The Citizens of the United States of America have a right to applaud themselves for having given to mankind examples of an enlarged and liberal policy: a policy worthy of imitation. All possess alike liberty of conscience and immunities of citizenship It is now no more that toleration is spoken of, as if it was by the indulgence of one class of people, that another enjoyed the exercise of their inherent natural rights. For happily the Government of the United States, which gives to bigotry no sanction, to persecution no assistance requires only that they who live under its protection should demean themselves as good citizens, in giving it on all occasions their effectual support.

It would be inconsistent with the frankness of my character not to avow that I am pleased with your favorable opinion of my Administration, and fervent wishes for my felicity. May the Children of the Stock of Abraham, who dwell in this land, continue to merit and enjoy the good will of the other Inhabitants; while every one shall sit in safety under his own vine and figtree, and there shall be none to make him afraid. May the father of all mercies scatter light and not darkness in our paths, and make us all in our several vocations useful here, and in his own due time and way everlastingly happy.

This was not Washington’s first exchange of correspondence with an American Hebrew congregation. Earlier in 1789, far-flung flocks, from South Carolina to New England, had contemplated a joint letter of congratulations and broad comity—but time, circumstances of protocol, and the inability to corral all quickly (by 18th century's implausible standards) into approving a unified note hamstrung the advocates. Undeterred, Congregation Mickve Israel of Savannah, GA, chose to act independently, with its leader, Levi Sheftall, writing to the new President. It is another remarkable piece of prose, expressing relief, joy, and an embrace of the essence and potential of the Republic:

We have long been anxious of congratulating you on your appointment by unanimous approbation to the Presidential dignity of this country, and of testifying our unbounded confidence in your integrity and unblemished virtue: Yet, however exalted the station you now fill, it is still not equal to the merit of your heroic services through an arduous and dangerous conflict, which has embosomed you in the hearts of her citizens.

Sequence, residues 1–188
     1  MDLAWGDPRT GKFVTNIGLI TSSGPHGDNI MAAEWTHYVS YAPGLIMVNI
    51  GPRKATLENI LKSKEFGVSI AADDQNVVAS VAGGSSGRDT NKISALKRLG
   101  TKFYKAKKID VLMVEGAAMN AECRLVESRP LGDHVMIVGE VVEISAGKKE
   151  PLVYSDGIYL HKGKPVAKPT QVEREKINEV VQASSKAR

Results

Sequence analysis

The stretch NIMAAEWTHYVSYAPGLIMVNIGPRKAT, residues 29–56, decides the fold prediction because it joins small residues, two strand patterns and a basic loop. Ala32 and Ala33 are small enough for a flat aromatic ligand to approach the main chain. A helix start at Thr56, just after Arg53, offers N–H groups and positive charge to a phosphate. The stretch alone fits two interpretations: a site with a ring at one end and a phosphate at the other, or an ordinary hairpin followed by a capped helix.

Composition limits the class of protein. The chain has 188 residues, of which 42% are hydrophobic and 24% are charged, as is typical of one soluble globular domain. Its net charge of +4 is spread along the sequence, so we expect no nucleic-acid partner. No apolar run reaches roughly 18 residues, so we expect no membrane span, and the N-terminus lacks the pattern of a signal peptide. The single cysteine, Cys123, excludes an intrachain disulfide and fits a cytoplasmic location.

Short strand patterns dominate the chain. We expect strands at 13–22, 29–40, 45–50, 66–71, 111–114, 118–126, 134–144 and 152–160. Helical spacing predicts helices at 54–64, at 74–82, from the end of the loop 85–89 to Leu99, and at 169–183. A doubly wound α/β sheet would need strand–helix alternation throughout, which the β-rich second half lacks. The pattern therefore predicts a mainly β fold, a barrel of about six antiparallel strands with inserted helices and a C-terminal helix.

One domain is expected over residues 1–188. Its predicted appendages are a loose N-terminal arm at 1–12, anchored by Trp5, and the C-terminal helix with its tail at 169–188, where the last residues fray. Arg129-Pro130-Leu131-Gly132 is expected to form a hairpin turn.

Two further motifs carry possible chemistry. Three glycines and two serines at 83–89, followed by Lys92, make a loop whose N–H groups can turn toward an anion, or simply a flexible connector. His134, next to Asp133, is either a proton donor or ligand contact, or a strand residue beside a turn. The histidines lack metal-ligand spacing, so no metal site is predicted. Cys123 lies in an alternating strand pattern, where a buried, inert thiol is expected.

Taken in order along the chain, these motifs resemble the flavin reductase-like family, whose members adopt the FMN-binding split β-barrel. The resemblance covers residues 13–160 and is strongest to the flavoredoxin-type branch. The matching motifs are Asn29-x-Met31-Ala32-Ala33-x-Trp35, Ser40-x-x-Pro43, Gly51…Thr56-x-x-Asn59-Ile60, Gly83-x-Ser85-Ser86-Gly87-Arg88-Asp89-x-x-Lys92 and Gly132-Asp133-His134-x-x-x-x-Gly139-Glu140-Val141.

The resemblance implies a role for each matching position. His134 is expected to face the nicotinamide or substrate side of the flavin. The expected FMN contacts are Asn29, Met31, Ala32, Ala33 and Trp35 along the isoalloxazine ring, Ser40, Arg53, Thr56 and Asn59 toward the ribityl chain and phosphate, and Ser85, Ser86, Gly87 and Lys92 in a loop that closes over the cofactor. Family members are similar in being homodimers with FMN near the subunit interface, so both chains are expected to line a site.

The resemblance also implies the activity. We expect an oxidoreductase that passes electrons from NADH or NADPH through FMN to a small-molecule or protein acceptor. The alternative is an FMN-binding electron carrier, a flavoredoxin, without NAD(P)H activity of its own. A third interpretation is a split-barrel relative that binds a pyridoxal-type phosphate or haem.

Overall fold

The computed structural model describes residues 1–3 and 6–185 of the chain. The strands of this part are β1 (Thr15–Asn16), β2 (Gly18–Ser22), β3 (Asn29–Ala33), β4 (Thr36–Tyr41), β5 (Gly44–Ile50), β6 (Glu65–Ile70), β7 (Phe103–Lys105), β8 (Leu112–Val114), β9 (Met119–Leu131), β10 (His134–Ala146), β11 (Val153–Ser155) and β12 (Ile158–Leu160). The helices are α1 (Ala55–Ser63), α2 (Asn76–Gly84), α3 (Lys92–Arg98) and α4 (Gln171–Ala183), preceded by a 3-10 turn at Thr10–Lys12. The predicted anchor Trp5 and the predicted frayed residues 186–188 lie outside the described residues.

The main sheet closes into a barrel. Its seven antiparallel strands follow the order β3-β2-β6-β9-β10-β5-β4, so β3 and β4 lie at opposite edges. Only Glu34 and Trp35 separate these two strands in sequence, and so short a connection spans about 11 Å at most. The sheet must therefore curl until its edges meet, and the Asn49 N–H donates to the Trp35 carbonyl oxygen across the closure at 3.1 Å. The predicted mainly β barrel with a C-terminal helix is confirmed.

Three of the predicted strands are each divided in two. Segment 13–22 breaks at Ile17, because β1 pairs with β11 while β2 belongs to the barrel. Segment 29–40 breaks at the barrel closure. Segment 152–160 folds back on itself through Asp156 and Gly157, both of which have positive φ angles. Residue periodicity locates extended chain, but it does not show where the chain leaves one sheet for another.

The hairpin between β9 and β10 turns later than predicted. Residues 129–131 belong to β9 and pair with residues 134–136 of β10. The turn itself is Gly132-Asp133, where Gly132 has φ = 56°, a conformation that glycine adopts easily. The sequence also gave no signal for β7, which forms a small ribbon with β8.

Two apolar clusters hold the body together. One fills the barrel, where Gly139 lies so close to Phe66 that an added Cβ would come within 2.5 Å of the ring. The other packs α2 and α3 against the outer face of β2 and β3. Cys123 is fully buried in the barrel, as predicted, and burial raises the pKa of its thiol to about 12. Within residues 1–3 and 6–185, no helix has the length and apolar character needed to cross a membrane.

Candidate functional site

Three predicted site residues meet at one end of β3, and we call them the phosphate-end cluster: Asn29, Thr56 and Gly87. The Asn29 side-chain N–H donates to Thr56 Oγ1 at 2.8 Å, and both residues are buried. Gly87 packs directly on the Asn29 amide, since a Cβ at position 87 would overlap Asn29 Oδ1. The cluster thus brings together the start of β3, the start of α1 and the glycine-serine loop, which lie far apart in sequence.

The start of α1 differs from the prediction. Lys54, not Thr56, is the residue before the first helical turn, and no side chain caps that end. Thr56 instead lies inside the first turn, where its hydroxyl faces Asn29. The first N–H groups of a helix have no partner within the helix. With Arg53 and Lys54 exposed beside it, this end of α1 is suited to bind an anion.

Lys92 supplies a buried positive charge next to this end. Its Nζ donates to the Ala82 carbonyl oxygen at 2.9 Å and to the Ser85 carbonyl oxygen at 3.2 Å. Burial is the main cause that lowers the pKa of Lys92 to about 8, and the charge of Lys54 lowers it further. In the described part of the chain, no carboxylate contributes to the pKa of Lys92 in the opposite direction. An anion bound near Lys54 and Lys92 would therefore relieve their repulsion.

Our eccentric situation added to a diffidence founded on the most profound respect has thus long prevented our address, yet the delay has realised anticipation, given us an opportunity of presenting our grateful acknowledgements for the benedictions of Heaven through the energy of federal influence, and the equity of your administration.

Your unexampled liberality and extensive philanthropy have dispelled that cloud of bigotry and superstition which has long, as a veil, shaded religion—unrivetted the fetters of enthusiasm—enfranchised us with all the privileges and immunities of free citizens, and initiated us into the grand mass of legislative mechanism. By example you have taught us to endure the ravages of war with manly fortitude, and to enjoy the blessings of peace with reverence to the Deity, and benignity and love to our fellow-creatures.

May the great Author of worlds grant you all happiness—an uninterrupted series of health—addition of years to the number of your days and a continuance of guardianship to that freedom, which, under the auspices of Heaven, your magnanimity and wisdom have given these States.

In his response, dated June 14, 1790, Washington thanked the Georgians for the kind words, and then met their prose with his own remarkable eloquence (“the same wonder-working Deity”), distilling the promise of the new Nation, and pervading it with the sweet music of the Old Testament:

I rejoice that a spirit of liberality and philanthropy is much more prevalent than it formerly was among the enlightened nations of the earth; and that your brethren will benefit thereby in proportion as it shall become still more extensive. Happily the people of the United States of America have, in many instances, exhibited examples worthy of imitation—The salutary influence of which will doubtless extend much farther, if gratefully enjoying those blessings of peace which (under favor of Heaven) have been obtained by fortitude in war, they shall conduct themselves with reverence to the Deity, and charity towards their fellow-creatures.

May the same wonder-working Deity, who long since delivering the Hebrews from their Egyptian Oppressors planted them in the promised land—whose providential agency has lately been conspicuous in establishing these United States as an independent nation—still continue to water them with the dews of Heaven and to make the inhabitants of every denomination participate in the temporal and spiritual blessings of that people whose God is Jehovah.